How can we guarantee that our information is well protected? If someone tries to access our data, how can we trust their attacks to be unsuccessful? Ideally, you would have proof that all you can see are nonsense words, collections of random zeros and ones from which you cannot extract any information. He does the provable security theory, a branch of mathematical cryptography that looks for formal proofs that relate the difficulty of cracking a cryptographic construct—like the one that protects our online banking transactions—to the solution of a specific mathematical problem—for example, the difficulty very large numbers to be factored into their prime divisors. Proving this relationship is no easy challenge.
One of the main objects of this theory are the so-called Disposable works or functions disposable. These are functions that are easy to evaluate – that is, they can be easily applied to a given object – but for which the reverse way – given a value, computing an element that converts the function exactly into that – a very is a complex task. A classic example of a process of this kind might be the one based on factoring integers; With two prime numbers it is very easy to multiply them, but a given number is not really readily known – not even using the most powerful computers – to decompose it into the product of two prime numbers (i.e. which two numbers “comes out”). Even with relatively small numbers, the difference in difficulty between multiplication and its reverse process is observed: for example, when considering the prime numbers 7919 and 541 and their product 4,284,179.
Many other mathematical problems are good “candidates” for one-way functions: the computation of discrete logarithms, the shortest vector problems on lattices, etc. But how can we ensure that the resulting functions are really one-way functions? Can you rule out that someone later finds an easy way to reverse the processes? For example, how to guarantee that an efficient integer factorization algorithm can never be designed with new ideas? Is it possible that there really isn’t a one-way function, but we didn’t find the right methods for some functions?
Cryptographers have always longed to solve the general problem and irrefutably argue for the existence of these objects. If this result were obtained, we would know that it is possible to design a large number of cryptographic constructs: pseudo-random number generators, encryption, signature, identification, commitment schemes… If we knew that they did not exist, none of these constructs would be completely secure : In the future, a method to do this might appear break them. Furthermore, proving that there are one-way functions would solve one of the so-called million-dollar problems and would provide proof that the complexity class P is distinct from the class NP.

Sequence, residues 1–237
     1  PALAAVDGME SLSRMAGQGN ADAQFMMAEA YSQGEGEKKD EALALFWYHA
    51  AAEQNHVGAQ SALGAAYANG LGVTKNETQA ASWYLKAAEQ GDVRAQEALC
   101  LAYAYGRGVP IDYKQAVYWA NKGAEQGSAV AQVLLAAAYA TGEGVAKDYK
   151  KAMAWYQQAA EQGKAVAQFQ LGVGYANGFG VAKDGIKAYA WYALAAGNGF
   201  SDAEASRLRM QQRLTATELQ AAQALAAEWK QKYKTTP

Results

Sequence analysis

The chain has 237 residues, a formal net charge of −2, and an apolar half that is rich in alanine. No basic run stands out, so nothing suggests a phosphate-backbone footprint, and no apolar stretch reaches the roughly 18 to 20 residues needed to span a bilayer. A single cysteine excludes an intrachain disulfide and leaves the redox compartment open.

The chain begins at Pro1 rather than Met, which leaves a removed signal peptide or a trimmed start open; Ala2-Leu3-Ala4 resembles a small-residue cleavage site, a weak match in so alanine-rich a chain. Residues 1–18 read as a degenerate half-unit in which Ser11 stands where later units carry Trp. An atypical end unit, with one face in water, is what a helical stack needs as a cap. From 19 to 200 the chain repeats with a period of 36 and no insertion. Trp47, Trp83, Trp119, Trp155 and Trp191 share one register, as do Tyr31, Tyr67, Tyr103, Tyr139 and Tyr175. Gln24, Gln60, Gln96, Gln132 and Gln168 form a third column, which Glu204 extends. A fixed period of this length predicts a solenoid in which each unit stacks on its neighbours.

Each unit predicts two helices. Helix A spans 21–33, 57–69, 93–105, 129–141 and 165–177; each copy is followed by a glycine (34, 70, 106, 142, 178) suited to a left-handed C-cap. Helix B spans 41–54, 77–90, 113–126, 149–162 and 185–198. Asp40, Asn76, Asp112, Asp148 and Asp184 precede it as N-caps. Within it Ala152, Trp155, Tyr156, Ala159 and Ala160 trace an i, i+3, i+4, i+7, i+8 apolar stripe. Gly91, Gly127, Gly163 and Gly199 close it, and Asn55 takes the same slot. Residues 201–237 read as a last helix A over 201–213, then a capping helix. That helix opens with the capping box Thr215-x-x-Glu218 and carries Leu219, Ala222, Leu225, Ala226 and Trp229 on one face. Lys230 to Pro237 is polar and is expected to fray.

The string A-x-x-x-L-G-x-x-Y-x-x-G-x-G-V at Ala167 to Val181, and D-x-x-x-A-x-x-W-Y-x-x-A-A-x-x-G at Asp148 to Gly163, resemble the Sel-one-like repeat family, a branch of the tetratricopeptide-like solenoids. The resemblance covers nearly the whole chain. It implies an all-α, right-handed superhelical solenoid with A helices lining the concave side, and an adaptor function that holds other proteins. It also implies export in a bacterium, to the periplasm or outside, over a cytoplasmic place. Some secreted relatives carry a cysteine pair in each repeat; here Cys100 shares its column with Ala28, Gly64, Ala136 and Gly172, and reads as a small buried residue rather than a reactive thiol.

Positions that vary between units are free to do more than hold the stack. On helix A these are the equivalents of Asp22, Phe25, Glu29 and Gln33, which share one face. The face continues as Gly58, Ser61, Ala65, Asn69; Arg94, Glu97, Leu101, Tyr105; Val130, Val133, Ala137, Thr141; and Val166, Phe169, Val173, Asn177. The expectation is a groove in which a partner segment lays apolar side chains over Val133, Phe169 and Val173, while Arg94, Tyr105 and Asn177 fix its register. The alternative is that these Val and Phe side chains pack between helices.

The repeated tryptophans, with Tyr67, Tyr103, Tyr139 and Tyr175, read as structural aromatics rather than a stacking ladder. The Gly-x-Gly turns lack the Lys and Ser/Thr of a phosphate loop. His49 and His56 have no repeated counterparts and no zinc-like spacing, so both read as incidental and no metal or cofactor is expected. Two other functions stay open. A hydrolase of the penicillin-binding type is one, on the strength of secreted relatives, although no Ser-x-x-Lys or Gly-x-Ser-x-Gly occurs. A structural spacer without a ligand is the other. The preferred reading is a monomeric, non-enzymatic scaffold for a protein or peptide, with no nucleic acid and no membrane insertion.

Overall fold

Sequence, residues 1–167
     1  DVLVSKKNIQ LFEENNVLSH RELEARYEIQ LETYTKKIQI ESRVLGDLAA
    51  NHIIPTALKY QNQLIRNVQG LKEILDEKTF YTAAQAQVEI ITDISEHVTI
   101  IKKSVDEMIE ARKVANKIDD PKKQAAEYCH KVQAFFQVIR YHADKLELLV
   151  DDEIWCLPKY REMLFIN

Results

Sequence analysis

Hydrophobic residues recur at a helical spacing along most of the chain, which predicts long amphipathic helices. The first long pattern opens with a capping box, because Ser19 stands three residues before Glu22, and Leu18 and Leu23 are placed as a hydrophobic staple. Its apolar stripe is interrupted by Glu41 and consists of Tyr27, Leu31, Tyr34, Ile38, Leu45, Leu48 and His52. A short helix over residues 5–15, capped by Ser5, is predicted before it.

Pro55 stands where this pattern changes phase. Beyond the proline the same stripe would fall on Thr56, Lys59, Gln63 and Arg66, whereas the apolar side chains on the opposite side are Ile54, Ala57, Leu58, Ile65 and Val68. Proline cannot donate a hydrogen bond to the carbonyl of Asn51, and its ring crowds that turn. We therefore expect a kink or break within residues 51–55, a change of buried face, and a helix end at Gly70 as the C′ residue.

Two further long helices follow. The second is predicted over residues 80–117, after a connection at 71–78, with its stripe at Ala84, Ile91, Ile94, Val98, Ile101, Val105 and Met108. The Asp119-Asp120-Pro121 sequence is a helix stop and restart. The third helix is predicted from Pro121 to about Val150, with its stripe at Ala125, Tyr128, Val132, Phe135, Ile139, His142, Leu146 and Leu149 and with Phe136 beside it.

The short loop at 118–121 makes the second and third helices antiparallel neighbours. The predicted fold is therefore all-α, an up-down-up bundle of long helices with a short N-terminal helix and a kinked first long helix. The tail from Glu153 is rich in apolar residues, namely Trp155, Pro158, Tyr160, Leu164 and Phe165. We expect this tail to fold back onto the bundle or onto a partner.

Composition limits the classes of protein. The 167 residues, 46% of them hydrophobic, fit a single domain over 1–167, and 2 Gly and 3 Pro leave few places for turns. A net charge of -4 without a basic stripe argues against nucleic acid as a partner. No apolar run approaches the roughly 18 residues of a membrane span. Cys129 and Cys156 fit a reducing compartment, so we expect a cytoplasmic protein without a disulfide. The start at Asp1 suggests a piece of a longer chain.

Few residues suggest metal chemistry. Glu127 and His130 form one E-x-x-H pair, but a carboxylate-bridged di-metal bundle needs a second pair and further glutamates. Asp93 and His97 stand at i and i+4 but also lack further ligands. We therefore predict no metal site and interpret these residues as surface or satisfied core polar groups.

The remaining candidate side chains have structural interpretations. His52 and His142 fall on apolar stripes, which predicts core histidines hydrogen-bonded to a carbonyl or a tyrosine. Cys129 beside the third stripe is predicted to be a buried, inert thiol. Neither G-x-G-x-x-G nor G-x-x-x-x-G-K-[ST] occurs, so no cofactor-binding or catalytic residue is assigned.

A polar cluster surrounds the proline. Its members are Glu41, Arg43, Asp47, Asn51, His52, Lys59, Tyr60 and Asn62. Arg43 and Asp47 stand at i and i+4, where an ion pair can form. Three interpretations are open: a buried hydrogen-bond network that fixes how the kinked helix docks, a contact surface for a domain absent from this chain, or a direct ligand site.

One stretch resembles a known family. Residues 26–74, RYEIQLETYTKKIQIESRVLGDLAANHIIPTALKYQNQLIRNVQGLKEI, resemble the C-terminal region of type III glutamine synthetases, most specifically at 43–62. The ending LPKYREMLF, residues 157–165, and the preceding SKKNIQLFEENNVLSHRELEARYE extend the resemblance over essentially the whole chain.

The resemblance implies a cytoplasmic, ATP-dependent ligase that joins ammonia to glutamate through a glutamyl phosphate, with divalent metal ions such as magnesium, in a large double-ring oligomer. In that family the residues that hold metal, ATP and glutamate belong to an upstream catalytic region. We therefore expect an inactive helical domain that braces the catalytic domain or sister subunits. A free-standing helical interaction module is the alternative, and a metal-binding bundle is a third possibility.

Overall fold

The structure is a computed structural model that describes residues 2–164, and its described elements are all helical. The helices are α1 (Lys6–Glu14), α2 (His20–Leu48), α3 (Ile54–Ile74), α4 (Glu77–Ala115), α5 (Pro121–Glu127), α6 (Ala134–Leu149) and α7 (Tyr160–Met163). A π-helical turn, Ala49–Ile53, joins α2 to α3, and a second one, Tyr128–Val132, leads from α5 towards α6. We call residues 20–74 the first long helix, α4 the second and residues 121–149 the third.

So far nobody has managed to solve the problem, but YanyiLiu Y Raffael PassTwo researchers from Cornell University (USA) were able to quantify to some extent how difficult this is. In a recent work succeeds in quantifying the difficulty of proving the existence of one-way functions using a famous complexity-theoretical problem, which deals with the so-called Kolmogorov complexity (either K complexity). That K complexity of a sequence is the length of the shortest algorithm needed to create it. This concept was introduced by the Russian mathematician in the 1960s Andrei Kolmogorov, can be interpreted as a measure of the computational resources required to describe any given object. For example, it allows to quantify the difficulty of recognizing patterns in any binary sequence: the simpler the pattern that a sequence follows, the more difficult it is short will be its Kolmogorov complexity.
The result of Liu and Pass also includes a fundamental ingredient in cryptography: time as a relevant factor in measuring the difficulty of a task. This is reflected by a function She, this limits the computation time necessary to describe the studied sequence. And that’s how it happened Kolmogorov t complexity is the length of a program capable of constructing any binary sequence of a given length, time-limited by a function she, which is time dependent. The result of Liu and Pass states precisely that the existence of one-way functions is equivalent to the fact that the she-Kolmogorov complexity is GreatIn a certain sense.
Consequently, we can only guarantee that current cryptography has a sound foundation if it is not possible to design a foolproof algorithm to compute this complexity. In other words, if the most accurate algorithm for calculating the she-Kolmogorov’s complexity is doomed to fail, at least in a not inconsiderable number of sequences. That said, much of our crypto will only remain valuable if that complexity is unpredictable.
In addition to the prestige, Liu and Pass have also received recognition from the international crypto community for this result NSA Best Cybersecurity Research Paper. Without a doubt, his work brings us a step closer to understanding what types of processes can elude algorithmic scrutiny and therefore help us protect our data.
Maria Isabel Gonzalez Vasco She is Professor of Applied Mathematics at the King Juan Carlos University.
Agate Timón García-Longoria is coordinator of the Mathematical Culture Unit of the ICMAT.
coffee and theorems is a section dedicated to mathematics and the environment in which it arises, coordinated by the Institute of Mathematical Sciences (ICMAT), in which researchers and members of the center describe the latest advances in this discipline and meeting points between mathematics and others share social networks and cultural expressions and remember those who shaped its evolution and knew how to turn coffee into theorems. The name recalls the definition of the Hungarian mathematician Alfred Rényi: “A mathematician is a machine that converts coffee into theorems”.
Editing and coordination: Agate A. Timón G Longoria (ICMAT).